The Trump administration has temporarily suspended the publication of weekly reports detailing cities and counties that refuse to honor federal immigration detainers over concerns about the accuracy of those lists.
U.S. Immigration and Customs Enforcement, which began making the lists public last month, is reviewing its reporting methodology after several law enforcement agencies complained that they were erroneously included in the report.
“While this analysis is ongoing, the publication of [the report] will be temporarily suspended,” said Sarah Rodriguez, a deputy press secretary at ICE. She added that the agency expects to resume publication after the review is completed, but she did not specify a time frame.
“ICE remains committed to publishing the most accurate information available regarding declined detainers across the country,” she said in a statement.
ICE began publicizing the list of jurisdictions after President Trump signed a pair of executive orders in January to ramp up immigration arrests and deportations at the southern U.S. border and inside the country.
To that end, Trump directed federal officials to publish a weekly list of declined detainers and the immigrants who were released by so-called sanctuary cities. He also threatened to block some federal grant funding to those cities that fail to comply with federal detainer notices for immigrants subject to deportation. Administration officials have said immigrants who commit crimes but are released pose a serious threat.
But the weekly lists included in the Declined Detainer Outcome Report contained several errors that rankled local law enforcement officials. For instance, one report incorrectly claimed that Franklin County in Iowa, Franklin County in New York, Franklin County in Pennsylvania and Montgomery County in Iowa had ignored immigration detainers they had never received.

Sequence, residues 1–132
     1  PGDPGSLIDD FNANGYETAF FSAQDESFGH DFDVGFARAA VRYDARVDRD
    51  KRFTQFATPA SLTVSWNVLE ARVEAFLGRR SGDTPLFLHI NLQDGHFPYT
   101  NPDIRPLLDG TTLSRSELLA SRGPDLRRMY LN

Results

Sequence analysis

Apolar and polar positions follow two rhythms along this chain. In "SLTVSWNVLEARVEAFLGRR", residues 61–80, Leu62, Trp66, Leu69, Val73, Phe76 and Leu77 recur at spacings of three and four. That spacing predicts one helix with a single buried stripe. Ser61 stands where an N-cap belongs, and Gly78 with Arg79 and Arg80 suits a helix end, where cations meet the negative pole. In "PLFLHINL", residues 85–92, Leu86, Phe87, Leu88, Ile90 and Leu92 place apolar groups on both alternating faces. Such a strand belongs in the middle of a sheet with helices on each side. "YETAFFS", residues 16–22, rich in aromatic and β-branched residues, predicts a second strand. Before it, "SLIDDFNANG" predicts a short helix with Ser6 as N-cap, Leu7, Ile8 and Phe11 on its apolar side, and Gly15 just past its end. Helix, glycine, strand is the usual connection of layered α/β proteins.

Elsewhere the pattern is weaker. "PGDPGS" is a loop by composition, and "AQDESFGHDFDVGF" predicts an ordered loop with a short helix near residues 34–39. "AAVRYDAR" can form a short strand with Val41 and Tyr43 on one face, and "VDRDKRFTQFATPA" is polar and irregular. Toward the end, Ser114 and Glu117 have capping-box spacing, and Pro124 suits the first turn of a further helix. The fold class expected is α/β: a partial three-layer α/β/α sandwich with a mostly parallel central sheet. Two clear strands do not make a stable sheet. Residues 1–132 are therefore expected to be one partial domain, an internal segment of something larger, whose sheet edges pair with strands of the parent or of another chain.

Williamson and Bastrop counties in Texas, Chester County in Pennsylvania and Richmond County in North Carolina were also incorrectly included in the list.
On Tuesday, an official said the errors were a main reason they suspended the report.
“We’ve identified that there have been some data-processing errors,” said David Lapan, a spokesman for the Department of Homeland Security, which oversees ICE. “That’s why the decision was made: Let’s take a pause and make sure that we look at this holistically and make sure that we’re getting it as accurate as possible.”
A spokesman for Attorney General Jeff Sessions said the report’s suspension would not affect the Justice Department’s plans to withhold federal grant money from sanctuary cities.
But that timeline is unclear, Lapan said, because the agencies have not agreed on a definition of the term “sanctuary.”
Mark Krikorian, executive director of the Center for Immigration Studies, which favors restrictions on immigration, said the report could be a valuable tool for Trump.
“I think they got out of the gate quicker and they weren’t quite ready yet,” he said. “They’ve got to go back and set up a more systematic way of gathering the information. I don’t have any doubt they will. It just will take a while.”
But the American Civil Liberties Union, which considers immigration detainers unconstitutional, said it hoped that ICE would not issue the report again.
“The ACLU is pleased the administration has halted these deeply flawed and misleading reports,” staff attorney Cody Wofsy said in a statement. “It should reconsider its entire campaign of bullying localities for their lawful and responsible choices.”
Some cities have passed laws that restrict the collection of citizenship status by local law enforcement, citing concerns that immigrants who have committed relatively minor infractions, such as traffic violations, could be harassed or deported.
The Trump administration has listed scores of jurisdictions — including in Virginia, Maryland, California and Texas — that have allegedly not cooperated with federal authorities.
But last month, Seattle sued the administration over Trump’s executive order on sanctuary cities, calling it unconstitutional.
Rodriguez said the publication of weekly lists “has already sparked important conversations between ICE and law enforcement agencies across the nation, and the revised report will add to this discussion.”